The fifth location for the Philadelphia-based restaurant will be the first in New Jersey, sliding into the storefront vacated by Local Collingswood.
By Matt Skoufalos
Some years ago, Robert De Abreu recalls, he and his wife Raquel visited The Painted Cottage Café in Collingswood.
At the time, Raquel remarked that the building at 714 Haddon Avenue would be “a great little spot” for the couple to open a satellite location for their restaurant.
By mid-August, she’ll make good on those words when the couple plans to open its from-scratch kitchen, Sabrina’s Café, in Collingswood.
“The same thing happened in Wynnewood,” where another of Raquel’s premonitions led to Sabrina’s fourth location, Robert De Abreu said.
Collingswood will mark the fifth Sabrina’s Cafe and the first in New Jersey for the Cherry Hill residents, who said the 08108 zip code fits well with the established footprint of their brand.
The historic Woolworth building into which the restaurant is moving “kind of reminds us of our first location” on Christian Street, where the flagship Sabrina’s took over the landmark Litto’s Bakery, Robert De Abreu said.
“Collingswood is a nice neighborhood to be in,” he said; “it had that feel.
“We are in South Philly and West Philly, all small neighborhoods,” and Sabrina’s typically enjoys “quite a few customers who cross the bridge” into Philadelphia.
Robert De Abreu expects to trade on that brand fidelity in South Jersey as well.
“I think we’re known over there,” he said.
Breakfast, lunch and dinner
Best known for its rotating-but-never-repeating brunch specials, Sabrina’s Cafe makes every dish to order, accommodating diners of varying diets, from vegetarian to vegan to gluten-free.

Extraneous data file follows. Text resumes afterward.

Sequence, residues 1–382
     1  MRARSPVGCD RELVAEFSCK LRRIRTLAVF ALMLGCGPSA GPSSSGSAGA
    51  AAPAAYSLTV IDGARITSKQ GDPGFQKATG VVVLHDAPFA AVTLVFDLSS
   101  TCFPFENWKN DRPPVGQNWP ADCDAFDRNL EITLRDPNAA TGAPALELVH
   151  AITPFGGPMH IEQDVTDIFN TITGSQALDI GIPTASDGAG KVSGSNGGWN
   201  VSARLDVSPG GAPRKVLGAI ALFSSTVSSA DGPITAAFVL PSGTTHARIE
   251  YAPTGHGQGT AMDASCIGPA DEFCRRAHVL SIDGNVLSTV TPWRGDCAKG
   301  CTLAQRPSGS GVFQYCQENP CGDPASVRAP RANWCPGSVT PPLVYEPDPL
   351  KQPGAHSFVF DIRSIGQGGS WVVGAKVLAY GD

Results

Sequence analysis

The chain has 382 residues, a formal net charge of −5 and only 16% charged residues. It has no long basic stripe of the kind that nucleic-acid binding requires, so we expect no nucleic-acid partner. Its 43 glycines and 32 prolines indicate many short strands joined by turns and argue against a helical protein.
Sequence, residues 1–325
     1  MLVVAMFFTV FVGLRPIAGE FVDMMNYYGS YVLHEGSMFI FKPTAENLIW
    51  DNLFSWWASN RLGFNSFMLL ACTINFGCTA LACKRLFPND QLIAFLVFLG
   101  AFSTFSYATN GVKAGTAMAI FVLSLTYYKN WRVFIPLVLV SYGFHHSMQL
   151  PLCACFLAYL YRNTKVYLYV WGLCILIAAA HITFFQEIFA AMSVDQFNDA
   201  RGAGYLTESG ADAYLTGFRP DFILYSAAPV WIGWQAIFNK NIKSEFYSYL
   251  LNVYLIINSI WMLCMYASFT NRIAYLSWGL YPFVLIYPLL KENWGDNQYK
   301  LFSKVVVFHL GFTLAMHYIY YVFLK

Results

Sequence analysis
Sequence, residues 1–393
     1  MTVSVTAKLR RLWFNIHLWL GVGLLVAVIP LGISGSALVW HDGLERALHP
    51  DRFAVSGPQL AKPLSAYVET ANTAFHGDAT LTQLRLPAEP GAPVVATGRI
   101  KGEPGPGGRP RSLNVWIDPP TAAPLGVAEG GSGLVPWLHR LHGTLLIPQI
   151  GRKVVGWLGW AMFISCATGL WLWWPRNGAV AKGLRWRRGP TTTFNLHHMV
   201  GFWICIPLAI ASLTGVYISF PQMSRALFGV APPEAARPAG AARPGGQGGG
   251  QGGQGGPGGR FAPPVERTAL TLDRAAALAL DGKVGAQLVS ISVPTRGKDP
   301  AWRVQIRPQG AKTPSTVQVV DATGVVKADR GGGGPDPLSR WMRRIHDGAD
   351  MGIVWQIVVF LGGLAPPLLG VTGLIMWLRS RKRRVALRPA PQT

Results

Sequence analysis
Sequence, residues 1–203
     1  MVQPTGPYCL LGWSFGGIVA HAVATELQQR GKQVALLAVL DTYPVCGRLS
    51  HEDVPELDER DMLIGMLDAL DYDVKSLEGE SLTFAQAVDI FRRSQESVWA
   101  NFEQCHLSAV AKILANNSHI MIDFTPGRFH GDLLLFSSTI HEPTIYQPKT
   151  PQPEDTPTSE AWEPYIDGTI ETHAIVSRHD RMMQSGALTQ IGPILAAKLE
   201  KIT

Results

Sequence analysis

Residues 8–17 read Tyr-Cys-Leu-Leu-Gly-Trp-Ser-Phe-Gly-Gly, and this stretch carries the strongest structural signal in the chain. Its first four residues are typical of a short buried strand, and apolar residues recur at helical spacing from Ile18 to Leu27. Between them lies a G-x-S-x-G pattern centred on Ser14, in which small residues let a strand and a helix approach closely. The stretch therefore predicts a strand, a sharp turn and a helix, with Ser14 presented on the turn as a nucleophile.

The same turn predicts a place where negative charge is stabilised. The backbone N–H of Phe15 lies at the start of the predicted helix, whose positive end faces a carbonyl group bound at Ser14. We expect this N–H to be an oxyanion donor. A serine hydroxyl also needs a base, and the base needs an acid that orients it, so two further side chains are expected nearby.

In Collingswood, Sabrina’s will be open from 8 a.m. to 9 p.m. Sunday and Monday, and until 10 p.m. Tuesday through Saturday.
Patrons can expect similar price points as those at other Sabrina’s locations, with an average per-person ticket of $14.50 – $15.50, Robert De Abreu said.
The restaurant will also be hiring some 25 servers, six to eight hosts, and 12 to 15 kitchen staff.
“It’s a lot of staff,” Robert De Abreu said. “We have to be very busy.”
The concept will remain “as open as we can,” he said, taking advantage of the natural sunlight the storefront receives.
By adding a counter and booths along the walls and windows, Sabrina’s should seat slightly more than 100 guests at capacity.
Physical dimensions of the building aside, Sabrina’s is also inheriting a space that carries significant emotional weight for some borough residents.
The short-lived, much-heralded Local Collingswood neighborhood grocery store was the last tenant in the building, and its quick exit from town left some big expectations for the next batters up–of which Robert De Abreu is not unaware.
“I’m excited we’re going to be there,” he said. “I feel so honored that people are very happy that we’re coming. The pressure goes on, because you don’t want to disappoint.”
“We’ve been pursuing him for 10 years,” said Patric Ciervo of Main Street Realty, who owns the building.
Collingswood Mayor James Maley credited Ciervo, Director of Community Development Cassandra Duffey, and other borough officials with the “team effort” that brought Sabrina’s to town.
“He’s at a great location,” Maley said. “I think we finally have someone who the strength of the business will fill that site.”
“It’s a great addition to our mix,” he said. “We’re really happy to get Philly over this side of the river.”
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